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Extreme U.S. Cold Snaps—Including Texas Winter Storm—Linked To Rapid Arctic Warming, Study Finds

 TOPLINE  Rapid Arctic warming driven by climate change could be responsible for the increasingly extreme winter weather in some parts of the United States, according to a study published in the journal Science on Thursday, providing the first evidence linking February’s killer winter storm to human-driven global warming. 


  • Melting sea ice, increasing snowfall over Siberia and rapidly rising Arctic temperatures—the Arctic is warming around two times faster than the global average—are potentially disrupting the weather system that usually traps cold air in the Arctic, the researchers found.
  • This disruption can have a big knock-on effect on complex weather patterns and can cause the system, known as the polar vortex, to stretch and allow cold air to move over parts of the U.S. and Canada, the researchers wrote.   
  • Extreme winter weather in the U.S. was more common when this vortex was disrupted and there has been an increasing number of stretching events since satellite observations began in 1979, the researchers wrote.   
  • The lethal Texas cold snap in February was likely a result of this stretching process, the scientists wrote.  
  • The study “provides cautionary evidence that a warming planet will not necessarily protect us from the devastating impacts of severe winter weather,” said lead author Judah Cohen, an MIT professor and director of Atmospheric and Environmental Research, a weather risk management firm.


The researchers’ findings, based on computer modeling and observational data, give further weight to the counterintuitive idea that global warming can actually lead to colder weather in some places. There is no scientific consensus yet on the role Arctic warming may play in increasingly cold extremes in the U.S., though the Texas snowstorm in February reinvigorated discussion on the matter.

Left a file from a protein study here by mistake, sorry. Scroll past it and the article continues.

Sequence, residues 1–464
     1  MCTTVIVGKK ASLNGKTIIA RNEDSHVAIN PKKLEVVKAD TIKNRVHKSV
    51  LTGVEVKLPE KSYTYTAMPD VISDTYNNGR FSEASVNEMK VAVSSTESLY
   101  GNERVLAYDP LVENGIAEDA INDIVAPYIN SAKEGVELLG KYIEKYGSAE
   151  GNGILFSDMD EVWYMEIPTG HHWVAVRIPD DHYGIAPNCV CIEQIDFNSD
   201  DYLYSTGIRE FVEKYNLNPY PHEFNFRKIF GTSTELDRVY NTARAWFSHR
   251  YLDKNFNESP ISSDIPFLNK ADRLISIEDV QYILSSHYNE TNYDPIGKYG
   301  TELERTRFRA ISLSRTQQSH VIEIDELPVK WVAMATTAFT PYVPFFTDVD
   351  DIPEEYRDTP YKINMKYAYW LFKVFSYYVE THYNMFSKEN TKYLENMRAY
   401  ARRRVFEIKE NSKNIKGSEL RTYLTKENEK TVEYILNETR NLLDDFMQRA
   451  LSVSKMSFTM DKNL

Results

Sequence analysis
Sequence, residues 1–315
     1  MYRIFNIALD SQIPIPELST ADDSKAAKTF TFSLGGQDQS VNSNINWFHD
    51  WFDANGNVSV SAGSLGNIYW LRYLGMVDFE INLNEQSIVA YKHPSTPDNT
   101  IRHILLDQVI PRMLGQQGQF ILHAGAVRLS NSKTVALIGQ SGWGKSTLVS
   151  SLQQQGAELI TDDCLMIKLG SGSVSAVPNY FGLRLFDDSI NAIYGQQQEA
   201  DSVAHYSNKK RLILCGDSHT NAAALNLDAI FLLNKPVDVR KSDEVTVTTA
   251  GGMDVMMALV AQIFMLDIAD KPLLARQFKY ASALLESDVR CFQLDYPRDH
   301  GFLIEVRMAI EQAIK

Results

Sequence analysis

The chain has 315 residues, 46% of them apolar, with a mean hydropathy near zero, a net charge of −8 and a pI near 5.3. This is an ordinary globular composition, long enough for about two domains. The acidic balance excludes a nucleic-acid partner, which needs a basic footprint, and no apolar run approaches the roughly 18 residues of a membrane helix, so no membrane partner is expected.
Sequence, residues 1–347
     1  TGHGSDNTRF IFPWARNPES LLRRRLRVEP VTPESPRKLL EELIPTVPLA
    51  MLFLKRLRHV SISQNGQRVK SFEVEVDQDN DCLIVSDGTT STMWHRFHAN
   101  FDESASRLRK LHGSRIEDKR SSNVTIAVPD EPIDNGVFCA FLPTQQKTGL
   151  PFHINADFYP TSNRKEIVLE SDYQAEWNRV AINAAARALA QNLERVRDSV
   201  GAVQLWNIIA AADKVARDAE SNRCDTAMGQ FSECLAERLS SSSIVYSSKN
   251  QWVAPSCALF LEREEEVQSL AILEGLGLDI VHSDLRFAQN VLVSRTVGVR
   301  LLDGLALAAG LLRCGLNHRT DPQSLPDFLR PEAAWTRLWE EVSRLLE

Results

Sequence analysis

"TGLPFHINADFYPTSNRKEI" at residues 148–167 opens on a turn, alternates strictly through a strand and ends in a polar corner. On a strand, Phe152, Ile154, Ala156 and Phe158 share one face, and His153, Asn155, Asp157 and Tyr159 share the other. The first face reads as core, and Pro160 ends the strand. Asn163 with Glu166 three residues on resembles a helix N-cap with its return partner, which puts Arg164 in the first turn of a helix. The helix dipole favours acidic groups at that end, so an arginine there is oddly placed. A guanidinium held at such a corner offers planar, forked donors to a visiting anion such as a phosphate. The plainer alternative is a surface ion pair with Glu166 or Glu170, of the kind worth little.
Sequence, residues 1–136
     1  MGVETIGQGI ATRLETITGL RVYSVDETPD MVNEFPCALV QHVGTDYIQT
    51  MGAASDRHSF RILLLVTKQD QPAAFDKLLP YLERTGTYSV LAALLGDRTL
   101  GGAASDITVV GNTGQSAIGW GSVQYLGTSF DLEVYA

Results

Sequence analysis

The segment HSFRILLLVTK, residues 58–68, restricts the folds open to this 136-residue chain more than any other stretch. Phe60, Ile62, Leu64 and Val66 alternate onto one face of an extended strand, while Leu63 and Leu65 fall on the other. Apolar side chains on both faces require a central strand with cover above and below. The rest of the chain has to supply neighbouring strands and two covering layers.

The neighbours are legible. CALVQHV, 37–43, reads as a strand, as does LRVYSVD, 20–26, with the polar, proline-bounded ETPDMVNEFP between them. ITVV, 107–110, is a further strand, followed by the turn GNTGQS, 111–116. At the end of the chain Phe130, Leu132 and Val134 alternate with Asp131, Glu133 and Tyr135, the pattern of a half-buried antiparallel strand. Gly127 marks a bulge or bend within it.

The U.S. has faced a number of climate-related disasters this year, including severe heatwaves, droughts, wildfires, storms, and most recently, hurricane Ida. While experts clearly and confidently tie the increasing severity and frequency of such events to human-driven climate change, the reasons behind the uptick in cold weather has remained contentious. Details of the February freeze that killed hundreds and left millions in Texas without power are still coming to light months after the fact. In a recent report, the Intergovernmental Panel on Climate Change, the leading U.N. authority on climate science, warned that global temperatures will likely exceed limits set under the Paris agreement unless drastic and immediate action is taken, warning that some changes already wrought may be irreversible for millennia. Even in its best-case scenarios, the group expects extreme weather events to get worse and become more frequent. A recent report from the U.N.’s weather agency highlights the increasing severity and cost of extreme weather, though better warning systems mean fewer people are dying from them.  

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